As legislators gathered for the vote, National Guard troops lined the halls of the Capitol.
Members of Congress had to walk through metal detectors â generally reserved for guests â out of concern that some Republicans would bring guns to the House floor.
âNot since the dark days of the Civil War and its aftermath has Washington seen a day quite like Wednesday,â The Timesâs Peter Baker writes.
As Congress debated, Trump issued a statement: âI urge that there must be NO violence, NO lawbreaking.â Representative Jim Jordan, a Trump ally, read the statement aloud during the debate. Trump issued a similar statement by video after being impeached.
What the Members Said
Many House Democrats labeled Trump a danger to the country. âThe idea that our election was fraudulent is a lie. Our president used this lie to incite a violent mob to attack the Capitol,â said Carolyn Bourdeaux of Georgia, who flipped a Republican-held seat in November.
âEvery one of us in this room right now could have died,â Jamie Raskin, a Maryland Democrat, said.
Republicansâ arguments were more varied. Some blamed Trump for the violence but said impeachment would âfan the flames of partisan division,â as Kevin McCarthy, the House G.O.P. leader, put it.
Others praised Trumpâs accomplishments or noted he had since promised a peaceful transition of power. Some Republicans accused Democrats of excusing left-wing violence.
Two of the 10 Republicans who voted to impeach Trump spoke: Herrera Beutler and Dan Newhouse, also of Washington. âThese articles of impeachment are flawed, but I will not use process as an excuse,â Newhouse said. âThere is no excuse for President Trumpâs actions.â
Other Riot Fallout
The F.B.I. warned police chiefs nationwide to be on high alert before Bidenâs inauguration.
Airbnb will cancel all reservations around Washington next week, refunding guests and reimbursing hosts.
New York City is ending contracts with the Trump Organization to run a Bronx golf course and skating rinks and a carousel in Central Park.
THE DAYâS OTHER NEWS
A team from the World Health Organization arrived in Wuhan to investigate the source of the virus. Chinese authorities barred two scientists because of positive antibody tests.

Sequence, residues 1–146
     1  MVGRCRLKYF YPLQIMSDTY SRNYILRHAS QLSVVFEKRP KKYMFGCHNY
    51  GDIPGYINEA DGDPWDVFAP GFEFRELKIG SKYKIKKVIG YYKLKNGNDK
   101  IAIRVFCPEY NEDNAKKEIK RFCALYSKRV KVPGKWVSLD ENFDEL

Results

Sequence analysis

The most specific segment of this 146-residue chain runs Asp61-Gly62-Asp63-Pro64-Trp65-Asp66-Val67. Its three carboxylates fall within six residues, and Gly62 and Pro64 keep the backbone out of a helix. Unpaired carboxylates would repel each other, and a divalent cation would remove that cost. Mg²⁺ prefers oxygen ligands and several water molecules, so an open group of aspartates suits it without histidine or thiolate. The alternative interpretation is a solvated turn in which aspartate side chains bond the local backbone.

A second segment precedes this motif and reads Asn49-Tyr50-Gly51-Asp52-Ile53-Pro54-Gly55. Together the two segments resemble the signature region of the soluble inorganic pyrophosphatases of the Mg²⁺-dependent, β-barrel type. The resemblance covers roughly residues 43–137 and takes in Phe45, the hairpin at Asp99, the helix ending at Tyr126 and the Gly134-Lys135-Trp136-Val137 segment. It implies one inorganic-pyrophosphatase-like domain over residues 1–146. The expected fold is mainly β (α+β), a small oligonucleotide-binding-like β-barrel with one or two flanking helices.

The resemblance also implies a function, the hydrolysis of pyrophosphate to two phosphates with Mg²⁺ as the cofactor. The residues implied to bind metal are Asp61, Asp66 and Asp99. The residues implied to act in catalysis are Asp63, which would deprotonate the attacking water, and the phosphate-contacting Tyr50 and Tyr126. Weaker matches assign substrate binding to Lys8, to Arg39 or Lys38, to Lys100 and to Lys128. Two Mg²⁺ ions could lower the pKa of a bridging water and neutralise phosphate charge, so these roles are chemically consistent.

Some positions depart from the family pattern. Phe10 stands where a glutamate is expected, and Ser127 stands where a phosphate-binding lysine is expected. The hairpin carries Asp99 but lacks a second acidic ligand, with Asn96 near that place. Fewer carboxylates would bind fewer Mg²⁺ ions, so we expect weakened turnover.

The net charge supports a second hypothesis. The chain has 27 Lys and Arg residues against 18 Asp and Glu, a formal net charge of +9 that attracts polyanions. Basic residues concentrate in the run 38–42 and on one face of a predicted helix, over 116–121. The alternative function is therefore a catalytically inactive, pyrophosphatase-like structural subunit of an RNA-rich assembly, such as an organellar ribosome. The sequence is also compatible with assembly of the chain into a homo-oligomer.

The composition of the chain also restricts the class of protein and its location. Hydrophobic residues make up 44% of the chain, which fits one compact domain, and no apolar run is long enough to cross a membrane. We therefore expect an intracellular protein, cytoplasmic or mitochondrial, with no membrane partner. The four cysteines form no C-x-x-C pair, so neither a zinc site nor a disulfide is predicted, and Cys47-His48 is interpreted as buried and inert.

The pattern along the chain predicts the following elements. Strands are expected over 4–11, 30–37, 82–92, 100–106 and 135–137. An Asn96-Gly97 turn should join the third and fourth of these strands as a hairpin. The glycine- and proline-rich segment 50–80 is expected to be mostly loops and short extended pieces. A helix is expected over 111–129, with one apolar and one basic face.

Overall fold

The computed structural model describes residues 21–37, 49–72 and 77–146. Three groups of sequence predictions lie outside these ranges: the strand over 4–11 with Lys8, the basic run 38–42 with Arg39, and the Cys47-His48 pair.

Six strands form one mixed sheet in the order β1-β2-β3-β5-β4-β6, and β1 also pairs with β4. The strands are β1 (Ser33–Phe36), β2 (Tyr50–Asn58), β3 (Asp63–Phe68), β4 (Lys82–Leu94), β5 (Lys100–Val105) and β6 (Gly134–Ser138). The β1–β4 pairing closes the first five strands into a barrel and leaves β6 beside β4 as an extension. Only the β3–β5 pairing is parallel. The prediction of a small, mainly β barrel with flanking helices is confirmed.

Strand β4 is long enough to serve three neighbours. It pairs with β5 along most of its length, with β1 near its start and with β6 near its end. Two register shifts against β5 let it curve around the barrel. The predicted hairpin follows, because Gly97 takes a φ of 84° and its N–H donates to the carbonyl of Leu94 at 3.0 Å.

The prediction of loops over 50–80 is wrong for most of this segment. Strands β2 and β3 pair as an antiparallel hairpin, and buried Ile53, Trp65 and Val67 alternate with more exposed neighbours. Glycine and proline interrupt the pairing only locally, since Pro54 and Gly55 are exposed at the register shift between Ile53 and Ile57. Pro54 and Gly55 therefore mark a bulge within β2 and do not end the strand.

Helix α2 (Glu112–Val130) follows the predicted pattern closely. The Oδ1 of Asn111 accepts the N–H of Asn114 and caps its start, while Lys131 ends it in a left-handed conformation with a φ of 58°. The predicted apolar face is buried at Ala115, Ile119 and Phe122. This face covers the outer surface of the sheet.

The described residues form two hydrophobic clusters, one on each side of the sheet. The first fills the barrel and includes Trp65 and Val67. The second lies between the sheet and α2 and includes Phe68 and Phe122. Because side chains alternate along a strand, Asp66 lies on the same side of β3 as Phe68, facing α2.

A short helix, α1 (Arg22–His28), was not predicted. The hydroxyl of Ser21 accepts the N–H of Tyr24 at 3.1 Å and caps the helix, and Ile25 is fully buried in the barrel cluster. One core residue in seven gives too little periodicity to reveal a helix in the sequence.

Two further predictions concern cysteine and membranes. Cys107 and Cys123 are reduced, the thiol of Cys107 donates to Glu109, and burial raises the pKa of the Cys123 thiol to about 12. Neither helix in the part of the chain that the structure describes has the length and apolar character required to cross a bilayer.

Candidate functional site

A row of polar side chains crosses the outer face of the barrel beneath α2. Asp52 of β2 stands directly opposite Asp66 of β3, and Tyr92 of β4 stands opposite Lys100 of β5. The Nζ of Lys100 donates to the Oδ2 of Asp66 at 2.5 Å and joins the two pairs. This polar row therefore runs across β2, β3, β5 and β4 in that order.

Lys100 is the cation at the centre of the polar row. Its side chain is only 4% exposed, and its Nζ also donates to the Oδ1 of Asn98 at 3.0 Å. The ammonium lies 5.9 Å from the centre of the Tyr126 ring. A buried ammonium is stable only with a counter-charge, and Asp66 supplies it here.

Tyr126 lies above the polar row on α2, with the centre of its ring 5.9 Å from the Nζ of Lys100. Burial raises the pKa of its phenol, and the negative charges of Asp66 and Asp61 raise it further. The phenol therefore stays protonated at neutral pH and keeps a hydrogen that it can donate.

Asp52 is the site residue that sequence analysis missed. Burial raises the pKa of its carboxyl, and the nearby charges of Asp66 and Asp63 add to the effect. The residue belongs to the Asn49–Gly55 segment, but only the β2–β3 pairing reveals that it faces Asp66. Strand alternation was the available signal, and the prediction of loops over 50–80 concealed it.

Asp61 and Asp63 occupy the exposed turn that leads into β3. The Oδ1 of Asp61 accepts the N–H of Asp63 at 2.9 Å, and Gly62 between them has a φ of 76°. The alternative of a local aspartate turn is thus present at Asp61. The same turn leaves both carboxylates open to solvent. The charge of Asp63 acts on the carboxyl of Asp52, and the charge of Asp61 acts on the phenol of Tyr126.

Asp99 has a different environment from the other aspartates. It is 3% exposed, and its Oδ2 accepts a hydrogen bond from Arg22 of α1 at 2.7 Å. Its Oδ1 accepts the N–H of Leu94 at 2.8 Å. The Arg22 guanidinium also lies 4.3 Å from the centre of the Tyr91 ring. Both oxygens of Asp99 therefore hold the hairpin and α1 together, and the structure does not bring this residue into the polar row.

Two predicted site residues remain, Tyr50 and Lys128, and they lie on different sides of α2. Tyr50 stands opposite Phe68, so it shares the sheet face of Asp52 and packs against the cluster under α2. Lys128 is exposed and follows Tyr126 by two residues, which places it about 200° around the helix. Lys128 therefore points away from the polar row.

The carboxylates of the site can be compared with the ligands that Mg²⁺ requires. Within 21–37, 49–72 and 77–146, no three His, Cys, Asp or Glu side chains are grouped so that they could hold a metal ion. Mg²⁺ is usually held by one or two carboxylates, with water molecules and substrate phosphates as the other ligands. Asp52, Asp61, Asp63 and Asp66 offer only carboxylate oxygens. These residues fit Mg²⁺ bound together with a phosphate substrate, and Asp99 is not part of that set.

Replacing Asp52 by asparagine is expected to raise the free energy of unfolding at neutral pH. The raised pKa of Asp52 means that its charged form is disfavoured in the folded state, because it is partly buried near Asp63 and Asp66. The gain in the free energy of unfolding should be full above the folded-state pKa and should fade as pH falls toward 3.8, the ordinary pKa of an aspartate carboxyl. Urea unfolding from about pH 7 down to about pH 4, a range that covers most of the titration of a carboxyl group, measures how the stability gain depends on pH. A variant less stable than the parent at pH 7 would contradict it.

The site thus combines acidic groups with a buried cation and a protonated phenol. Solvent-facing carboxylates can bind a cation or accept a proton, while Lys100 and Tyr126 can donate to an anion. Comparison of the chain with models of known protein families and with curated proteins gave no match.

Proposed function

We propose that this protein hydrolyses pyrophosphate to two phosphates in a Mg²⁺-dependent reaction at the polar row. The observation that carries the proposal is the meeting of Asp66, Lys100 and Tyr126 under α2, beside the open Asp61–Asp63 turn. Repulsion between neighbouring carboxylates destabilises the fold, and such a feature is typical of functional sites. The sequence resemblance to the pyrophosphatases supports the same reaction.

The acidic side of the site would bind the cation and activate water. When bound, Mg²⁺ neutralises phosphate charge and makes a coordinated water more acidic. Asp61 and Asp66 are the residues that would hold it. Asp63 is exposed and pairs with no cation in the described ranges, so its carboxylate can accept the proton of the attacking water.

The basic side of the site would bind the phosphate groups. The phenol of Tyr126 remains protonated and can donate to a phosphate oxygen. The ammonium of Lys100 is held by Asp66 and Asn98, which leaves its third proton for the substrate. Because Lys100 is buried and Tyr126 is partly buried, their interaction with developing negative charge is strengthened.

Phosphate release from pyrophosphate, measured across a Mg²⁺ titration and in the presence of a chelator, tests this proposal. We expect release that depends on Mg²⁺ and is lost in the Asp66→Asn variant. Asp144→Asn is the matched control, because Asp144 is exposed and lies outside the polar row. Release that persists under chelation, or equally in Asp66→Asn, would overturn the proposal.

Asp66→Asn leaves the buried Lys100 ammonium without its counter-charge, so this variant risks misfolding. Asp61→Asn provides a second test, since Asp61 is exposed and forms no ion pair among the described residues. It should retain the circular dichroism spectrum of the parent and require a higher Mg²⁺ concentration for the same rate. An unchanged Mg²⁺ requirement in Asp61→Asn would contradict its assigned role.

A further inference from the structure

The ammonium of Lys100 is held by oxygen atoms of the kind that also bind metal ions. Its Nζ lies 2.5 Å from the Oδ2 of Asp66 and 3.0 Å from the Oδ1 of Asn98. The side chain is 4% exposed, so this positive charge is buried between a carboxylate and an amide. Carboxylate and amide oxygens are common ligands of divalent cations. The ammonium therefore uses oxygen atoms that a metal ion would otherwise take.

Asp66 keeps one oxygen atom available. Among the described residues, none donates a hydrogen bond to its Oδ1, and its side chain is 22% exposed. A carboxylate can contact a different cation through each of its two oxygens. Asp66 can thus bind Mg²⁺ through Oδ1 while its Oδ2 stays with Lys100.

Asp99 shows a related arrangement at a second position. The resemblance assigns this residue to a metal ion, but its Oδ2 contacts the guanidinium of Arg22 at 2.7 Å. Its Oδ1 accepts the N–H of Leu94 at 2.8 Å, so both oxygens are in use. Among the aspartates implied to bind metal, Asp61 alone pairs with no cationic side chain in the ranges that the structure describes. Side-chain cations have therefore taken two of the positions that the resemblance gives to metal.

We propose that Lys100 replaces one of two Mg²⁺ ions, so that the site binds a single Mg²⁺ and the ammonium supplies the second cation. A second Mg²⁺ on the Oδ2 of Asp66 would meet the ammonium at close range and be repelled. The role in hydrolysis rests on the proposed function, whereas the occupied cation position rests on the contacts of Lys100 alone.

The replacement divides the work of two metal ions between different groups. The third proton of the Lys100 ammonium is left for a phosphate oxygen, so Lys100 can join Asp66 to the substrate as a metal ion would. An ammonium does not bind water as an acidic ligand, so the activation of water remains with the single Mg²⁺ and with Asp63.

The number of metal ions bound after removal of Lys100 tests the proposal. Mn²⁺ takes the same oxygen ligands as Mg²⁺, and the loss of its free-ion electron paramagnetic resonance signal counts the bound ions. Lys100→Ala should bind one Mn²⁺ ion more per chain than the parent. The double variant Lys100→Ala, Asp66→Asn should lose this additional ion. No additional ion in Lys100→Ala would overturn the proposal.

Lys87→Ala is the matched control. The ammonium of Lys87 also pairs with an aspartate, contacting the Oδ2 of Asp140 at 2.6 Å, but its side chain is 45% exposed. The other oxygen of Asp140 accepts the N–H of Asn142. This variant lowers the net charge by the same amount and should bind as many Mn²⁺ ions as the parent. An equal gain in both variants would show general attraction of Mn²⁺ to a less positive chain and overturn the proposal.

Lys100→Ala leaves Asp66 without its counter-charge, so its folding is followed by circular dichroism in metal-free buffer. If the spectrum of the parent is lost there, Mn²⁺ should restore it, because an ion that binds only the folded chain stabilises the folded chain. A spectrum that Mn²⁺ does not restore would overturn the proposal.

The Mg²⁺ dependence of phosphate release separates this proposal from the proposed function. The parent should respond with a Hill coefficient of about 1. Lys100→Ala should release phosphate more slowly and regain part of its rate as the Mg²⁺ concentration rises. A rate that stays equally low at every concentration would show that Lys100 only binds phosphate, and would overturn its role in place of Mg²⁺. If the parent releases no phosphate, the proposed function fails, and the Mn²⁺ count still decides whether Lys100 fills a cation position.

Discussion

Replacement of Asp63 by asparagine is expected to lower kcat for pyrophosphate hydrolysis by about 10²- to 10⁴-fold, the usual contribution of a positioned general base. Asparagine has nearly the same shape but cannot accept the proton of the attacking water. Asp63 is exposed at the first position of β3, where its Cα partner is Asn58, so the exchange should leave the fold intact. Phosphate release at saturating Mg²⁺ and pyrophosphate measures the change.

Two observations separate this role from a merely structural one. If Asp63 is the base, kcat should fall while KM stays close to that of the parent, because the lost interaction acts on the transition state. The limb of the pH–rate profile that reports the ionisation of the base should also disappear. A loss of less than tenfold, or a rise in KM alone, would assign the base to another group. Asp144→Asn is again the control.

U.S. states are scrambling to meet the skyrocketing demand for vaccinations. Hereâs the new guidance about who gets a shot.
Prosecutors charged Rick Snyder, the former governor of Michigan, with willful neglect of duty over the crisis in Flint that left thousands of residents drinking lead-tainted water.
Gunmen killed at least 80 people in an ethnically driven massacre in Ethiopia.
Letter of Recommendation: Eat chips, The Timesâs Sam Anderson writes. âA bag of chips is a way to defeat time. It brings temporary infinity: a feeling that it will never end. A chip. A chip. A chip. Another chip.â
Lives Lived: Adolfo QuiÃ±ones, better known as Shabba-Doo, grew up in a public-housing project in Chicago and became a pioneer of street dance. He called it âa valid art form, on the same level as jazz or ballet.â He died at 65.
ARTS AND IDEAS
But the boom isnât about only the pandemic. Itâs bigger than that, Sean Monahan argues in The Guardian: Video games are replacing music as the dominant form of youth culture.
Alexandria Ocasio-Cortez and Joe Biden turned to Among Us and Animal Crossing: New Horizons to reach young voters. The rapper Travis Scott had more than 12 million viewers for a virtual concert on Fortnite last year â nearly double the audience of the 2020 MTV Video Music Awards. âWeâre going to see more of these events, even after regular concerts are safe to attend again,â an analyst told The Hollywood Reporter.
âTen years ago, younger generations were leaving behind traditional media for social media,â another analyst wrote in a 2020 Global Games Market Report. âToday, they are leaving behind social media for more interactive experiences.â
PLAY, WATCH, EAT
What to Cook
Originally posted on https://www.nytimes.com/2021/01/14/briefing/impeachment-capitol-trump-china-who-wuhan.html